Supplement added to the standard diet extends lifespan of mice
May 30, 2014 8:13am CST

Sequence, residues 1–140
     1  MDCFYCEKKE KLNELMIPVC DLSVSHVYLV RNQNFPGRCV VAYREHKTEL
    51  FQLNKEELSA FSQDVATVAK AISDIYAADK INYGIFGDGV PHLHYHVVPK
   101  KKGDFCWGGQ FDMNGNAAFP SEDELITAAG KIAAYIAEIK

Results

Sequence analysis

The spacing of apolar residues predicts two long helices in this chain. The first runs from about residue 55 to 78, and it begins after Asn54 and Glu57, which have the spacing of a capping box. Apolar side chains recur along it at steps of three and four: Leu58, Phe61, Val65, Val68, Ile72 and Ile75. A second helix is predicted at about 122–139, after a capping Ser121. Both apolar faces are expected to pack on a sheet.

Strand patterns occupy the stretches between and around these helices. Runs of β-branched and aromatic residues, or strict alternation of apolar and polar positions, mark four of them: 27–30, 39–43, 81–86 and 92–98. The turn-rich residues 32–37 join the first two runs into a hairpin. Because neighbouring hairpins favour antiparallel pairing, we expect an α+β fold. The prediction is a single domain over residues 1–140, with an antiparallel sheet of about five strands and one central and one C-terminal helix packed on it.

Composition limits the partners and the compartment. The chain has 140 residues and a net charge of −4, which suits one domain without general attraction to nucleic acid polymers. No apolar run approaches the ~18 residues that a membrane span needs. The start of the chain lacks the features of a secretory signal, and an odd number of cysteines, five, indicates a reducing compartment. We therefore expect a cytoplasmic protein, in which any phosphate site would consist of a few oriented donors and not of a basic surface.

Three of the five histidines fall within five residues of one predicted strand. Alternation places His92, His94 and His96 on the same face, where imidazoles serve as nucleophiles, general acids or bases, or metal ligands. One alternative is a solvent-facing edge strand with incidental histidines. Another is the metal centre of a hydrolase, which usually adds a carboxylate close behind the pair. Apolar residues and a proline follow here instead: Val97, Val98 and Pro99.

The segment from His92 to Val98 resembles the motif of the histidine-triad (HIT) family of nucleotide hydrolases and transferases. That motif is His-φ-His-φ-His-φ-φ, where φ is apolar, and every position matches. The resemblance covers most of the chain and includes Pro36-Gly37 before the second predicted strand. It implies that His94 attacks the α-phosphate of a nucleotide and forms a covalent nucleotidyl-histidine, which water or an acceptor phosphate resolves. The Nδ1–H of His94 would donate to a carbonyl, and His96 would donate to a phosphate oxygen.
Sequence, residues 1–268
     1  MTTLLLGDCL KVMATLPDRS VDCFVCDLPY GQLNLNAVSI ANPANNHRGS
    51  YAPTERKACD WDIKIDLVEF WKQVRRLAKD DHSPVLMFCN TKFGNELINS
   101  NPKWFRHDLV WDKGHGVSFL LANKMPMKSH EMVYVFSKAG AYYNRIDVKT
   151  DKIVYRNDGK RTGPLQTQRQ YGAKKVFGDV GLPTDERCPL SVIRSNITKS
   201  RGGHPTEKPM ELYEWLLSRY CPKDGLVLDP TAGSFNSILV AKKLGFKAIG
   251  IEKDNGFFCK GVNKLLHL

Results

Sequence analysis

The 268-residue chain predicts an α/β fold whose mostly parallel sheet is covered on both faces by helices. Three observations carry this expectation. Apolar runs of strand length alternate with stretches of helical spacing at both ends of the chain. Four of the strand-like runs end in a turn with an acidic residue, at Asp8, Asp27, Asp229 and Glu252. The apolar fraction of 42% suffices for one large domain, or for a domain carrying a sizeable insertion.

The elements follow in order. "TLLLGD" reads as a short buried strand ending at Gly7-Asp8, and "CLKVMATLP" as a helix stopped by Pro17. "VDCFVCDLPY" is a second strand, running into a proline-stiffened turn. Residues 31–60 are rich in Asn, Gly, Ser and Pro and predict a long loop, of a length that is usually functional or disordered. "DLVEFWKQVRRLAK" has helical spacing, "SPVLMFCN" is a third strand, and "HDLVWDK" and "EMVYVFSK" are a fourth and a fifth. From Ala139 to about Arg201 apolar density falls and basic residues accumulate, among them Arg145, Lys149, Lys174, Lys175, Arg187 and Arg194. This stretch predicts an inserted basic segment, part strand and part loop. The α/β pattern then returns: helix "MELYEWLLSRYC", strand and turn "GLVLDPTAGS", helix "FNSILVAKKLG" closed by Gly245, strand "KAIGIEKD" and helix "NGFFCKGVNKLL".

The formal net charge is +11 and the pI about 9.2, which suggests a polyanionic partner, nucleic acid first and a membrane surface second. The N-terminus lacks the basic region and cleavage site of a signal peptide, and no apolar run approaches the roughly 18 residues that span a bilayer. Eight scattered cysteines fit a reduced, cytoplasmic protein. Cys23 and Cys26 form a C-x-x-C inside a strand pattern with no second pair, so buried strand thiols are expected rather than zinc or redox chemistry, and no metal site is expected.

A study in Cell Reports, found that the sirtuin activator SRT1720 extends the mean lifespan of mice (C57BL/6J strain) by 8.8%. The median lifespan was extended 5 weeks by supplementation with SRT1720. The experimental mice were fed a standard diet (AIN-93G) and a dose of 100 mg/kg body weight SRT1720. The experiment started when the mice were 6 months of age. Hundred mice received a diet supplemented with SRT1720 and hundred mice served as controls. The mice had ad libitum access to the supplemented diet. The dose used had no toxic effect, because low levels of serum markers of hepatic and renal function were found (AST, creatinine and CK). The data prove that interventions that activate SIRT1 have a pronounced effect in delaying age-related diseases. SRT1720 probably activates SIRT1 via an allosteric mechanism, like the acetylation status of SIRT1. Western blots of liver lysates from mice supplemented with SRT1720 showed no difference in SIRT1 protein level compared with control animals. The lifespan extension cannot be contributed to calorie restriction. Supplementation with SRT1720 had no impact on daily calorie intake, although the body weight of the mice decreased. SRT1720 lowers LDL cholesterol, LDL cholesterol is a bad cholesterol. To high levels of LDL cholesterol increase the risk of atherosclerosis and heart disease. SRT1720 lowers LDL cholesterol by increasing cytochrome P450 1A2, which has a role in cholesterol metabolism. SRT1720 may inhibit NF-k B signaling via SIRT1 activation. Western blotting of the liver lysates from the test animals, showed a significant reduction in protein levels of NF-k B p65 subunit. Western blotting also showed a reduction in the targets of NF-k B, COX2, and BAX. NF-k B is an important regulator of aging-associated gene expression in mice and also in humans. For example Dr. Chang and colleagues showed skin aging reversal in mice by inhibiting the NF-k B pathway. Gene transfer that specifically decreased NF-k B in the hypothalamus of middle aged mice conferred lifespan extension. The human aging process is associated with high inflammatory activity in the blood, including increased serum levels of tumor necrosis factor (TNF)- a. SRT1720 supplementation decreased circulating TNF- a levels in the tested mice. In summary, these data prove that SRT1720 supplementation extends the lifespan of mice fed a standard diet. The lifespan extending effect can be attributed to SIRT1 activators in general.